Better news fails to stimulate investors
INVESTORS kept one eye firmly on Europe this week, and the other on China while welcoming more good news from the US.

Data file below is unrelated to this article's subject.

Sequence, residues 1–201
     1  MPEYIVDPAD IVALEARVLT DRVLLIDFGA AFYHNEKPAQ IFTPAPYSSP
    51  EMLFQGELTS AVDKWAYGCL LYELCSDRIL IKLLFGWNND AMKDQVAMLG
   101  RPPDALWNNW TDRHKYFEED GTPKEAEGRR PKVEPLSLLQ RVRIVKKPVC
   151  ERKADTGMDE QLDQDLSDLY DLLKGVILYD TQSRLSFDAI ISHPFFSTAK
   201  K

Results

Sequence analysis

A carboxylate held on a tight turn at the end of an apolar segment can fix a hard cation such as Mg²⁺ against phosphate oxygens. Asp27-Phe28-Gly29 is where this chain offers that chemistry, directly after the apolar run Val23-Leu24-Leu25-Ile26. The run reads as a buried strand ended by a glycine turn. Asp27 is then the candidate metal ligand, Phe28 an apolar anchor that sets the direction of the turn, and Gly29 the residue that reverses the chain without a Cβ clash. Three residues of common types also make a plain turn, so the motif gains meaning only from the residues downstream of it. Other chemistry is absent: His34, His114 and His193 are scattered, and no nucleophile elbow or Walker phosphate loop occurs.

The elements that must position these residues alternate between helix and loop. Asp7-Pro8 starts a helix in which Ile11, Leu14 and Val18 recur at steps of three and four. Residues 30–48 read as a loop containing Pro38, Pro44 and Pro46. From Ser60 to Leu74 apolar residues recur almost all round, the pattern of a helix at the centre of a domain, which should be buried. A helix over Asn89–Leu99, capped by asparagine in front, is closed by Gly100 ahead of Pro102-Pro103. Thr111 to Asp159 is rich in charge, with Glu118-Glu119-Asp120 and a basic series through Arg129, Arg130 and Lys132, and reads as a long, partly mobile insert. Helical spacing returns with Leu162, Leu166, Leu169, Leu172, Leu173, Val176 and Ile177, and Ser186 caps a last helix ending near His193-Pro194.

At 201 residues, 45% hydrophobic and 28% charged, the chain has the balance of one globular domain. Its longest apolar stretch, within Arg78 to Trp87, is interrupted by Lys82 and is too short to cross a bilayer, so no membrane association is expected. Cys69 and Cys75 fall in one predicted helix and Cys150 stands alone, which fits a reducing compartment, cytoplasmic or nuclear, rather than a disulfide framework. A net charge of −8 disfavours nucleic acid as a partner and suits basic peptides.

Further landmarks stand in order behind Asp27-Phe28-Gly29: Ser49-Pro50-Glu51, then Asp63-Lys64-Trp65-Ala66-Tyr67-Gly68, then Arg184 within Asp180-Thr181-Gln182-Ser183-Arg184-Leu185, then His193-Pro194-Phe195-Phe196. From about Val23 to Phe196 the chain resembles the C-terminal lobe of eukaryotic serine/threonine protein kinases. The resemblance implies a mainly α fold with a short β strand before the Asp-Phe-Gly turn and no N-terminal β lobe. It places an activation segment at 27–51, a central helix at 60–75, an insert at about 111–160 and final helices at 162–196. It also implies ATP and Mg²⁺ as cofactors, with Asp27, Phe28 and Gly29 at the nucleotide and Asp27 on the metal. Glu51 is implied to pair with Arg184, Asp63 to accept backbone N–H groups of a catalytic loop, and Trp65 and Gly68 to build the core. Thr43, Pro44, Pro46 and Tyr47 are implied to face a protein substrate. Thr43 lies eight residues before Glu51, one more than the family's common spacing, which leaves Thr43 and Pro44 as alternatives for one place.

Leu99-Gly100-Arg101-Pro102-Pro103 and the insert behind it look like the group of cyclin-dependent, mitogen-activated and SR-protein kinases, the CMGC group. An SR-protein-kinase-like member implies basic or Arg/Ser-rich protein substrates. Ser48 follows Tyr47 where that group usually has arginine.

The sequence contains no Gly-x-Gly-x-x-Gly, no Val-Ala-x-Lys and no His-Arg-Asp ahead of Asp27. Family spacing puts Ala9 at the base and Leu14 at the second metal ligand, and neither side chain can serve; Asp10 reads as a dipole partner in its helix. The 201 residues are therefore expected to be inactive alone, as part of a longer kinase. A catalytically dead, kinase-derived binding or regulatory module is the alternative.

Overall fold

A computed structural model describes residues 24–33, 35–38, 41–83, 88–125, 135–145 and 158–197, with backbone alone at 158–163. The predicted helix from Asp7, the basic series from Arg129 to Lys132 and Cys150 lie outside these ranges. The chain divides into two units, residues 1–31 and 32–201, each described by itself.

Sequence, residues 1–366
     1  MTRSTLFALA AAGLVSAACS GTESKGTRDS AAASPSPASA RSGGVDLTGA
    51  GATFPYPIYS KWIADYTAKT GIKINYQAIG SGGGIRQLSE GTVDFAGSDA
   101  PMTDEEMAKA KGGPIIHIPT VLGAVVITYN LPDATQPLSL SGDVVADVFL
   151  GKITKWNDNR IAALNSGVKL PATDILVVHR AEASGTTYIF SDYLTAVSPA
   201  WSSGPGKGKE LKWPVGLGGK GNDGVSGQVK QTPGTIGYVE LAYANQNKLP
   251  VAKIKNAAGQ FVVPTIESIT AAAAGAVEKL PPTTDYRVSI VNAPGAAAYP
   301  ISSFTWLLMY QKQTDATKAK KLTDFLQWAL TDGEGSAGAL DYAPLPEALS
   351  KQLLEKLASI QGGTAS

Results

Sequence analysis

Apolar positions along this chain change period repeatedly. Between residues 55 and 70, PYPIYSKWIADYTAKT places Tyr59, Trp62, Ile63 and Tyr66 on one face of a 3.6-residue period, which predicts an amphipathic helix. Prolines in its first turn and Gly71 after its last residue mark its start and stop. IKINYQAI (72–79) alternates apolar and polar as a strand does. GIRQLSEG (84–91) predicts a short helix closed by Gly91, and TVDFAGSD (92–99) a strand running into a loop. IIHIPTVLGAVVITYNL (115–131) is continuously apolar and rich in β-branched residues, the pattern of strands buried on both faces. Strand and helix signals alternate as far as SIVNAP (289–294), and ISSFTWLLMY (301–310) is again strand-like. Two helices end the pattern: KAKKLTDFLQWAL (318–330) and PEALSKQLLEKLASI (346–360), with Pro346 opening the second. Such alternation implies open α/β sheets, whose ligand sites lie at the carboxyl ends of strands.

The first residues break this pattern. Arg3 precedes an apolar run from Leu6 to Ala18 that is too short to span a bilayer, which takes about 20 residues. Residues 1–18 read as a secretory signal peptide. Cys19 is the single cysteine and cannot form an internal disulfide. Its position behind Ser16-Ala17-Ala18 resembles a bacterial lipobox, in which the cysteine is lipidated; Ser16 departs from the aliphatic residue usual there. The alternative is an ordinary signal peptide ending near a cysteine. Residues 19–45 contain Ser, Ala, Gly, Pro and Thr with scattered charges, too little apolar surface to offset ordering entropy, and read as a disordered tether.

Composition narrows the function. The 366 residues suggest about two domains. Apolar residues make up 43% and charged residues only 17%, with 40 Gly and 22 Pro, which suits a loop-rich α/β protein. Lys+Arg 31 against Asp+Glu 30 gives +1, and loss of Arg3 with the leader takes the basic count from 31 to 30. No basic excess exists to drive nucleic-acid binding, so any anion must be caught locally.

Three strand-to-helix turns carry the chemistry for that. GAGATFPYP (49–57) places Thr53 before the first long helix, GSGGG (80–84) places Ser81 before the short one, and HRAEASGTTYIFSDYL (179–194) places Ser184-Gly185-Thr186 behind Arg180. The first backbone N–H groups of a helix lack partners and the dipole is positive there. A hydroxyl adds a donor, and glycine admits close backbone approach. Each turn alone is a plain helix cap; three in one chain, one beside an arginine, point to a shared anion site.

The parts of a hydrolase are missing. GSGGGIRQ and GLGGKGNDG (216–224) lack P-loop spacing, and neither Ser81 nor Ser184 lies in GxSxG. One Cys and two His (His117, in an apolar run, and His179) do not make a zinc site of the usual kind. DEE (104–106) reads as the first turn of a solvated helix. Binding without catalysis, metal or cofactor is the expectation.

INVESTORS kept one eye firmly on Europe this week, and the other on China while welcoming more good news from the US.An update on the local jobs market which showed signs of weakness was absorbed with little fuss. But economists said the Reserve Bank risked falling behind in its management of the economy if the labour market continued to deteriorate.Investors seemed more concerned about the same big stories: Greece and the euro zone, the US economy, and prospects for economic growth in China.And on the face of it, they seemed unhappy with the sum of things.The benchmark S&P/ASX 200 Index slipped 61.1 points during the week, or 1.5 per cent, to 4212.After closing the previous week on 4273.1, the sharemarket fell more than 3 per cent in the first three days of the week as market watchers digested news that China had reduced its goal for economic growth, planning for 7.5 per cent this year, rather than 8 per cent.BHP Billiton and Rio Tinto, whose fortunes are welded to global growth, thus took a swipe to the chest. For the week, BHP was down 98? at $34.71, while Rio Tinto fell $1.80 to $64.13.But John Abernethy, director of Clime Asset Management, said concerns about Chinese growth were overblown. "If investors are worried about China [the world's second-biggest economy] growing at 7.5 per cent and not 8 per cent, why are they not worried about Japan, which is the third-biggest economy, going backwards?" he said. "It's a mindless discussion."But the sharemarket rebounded on Thursday morning, thanks to a positive lead from US markets overnight, after US private sector jobs rose by 216,000 last month.At the close yesterday, the S&P/ASX 200 Index was up 41 points, or 0.98 per cent, at 4212.Gains were across the board, except in the information technology sector, with the materials sector jumping 1.9 per cent, energy stocks gaining1.7 per cent and financials adding 0.7 per cent.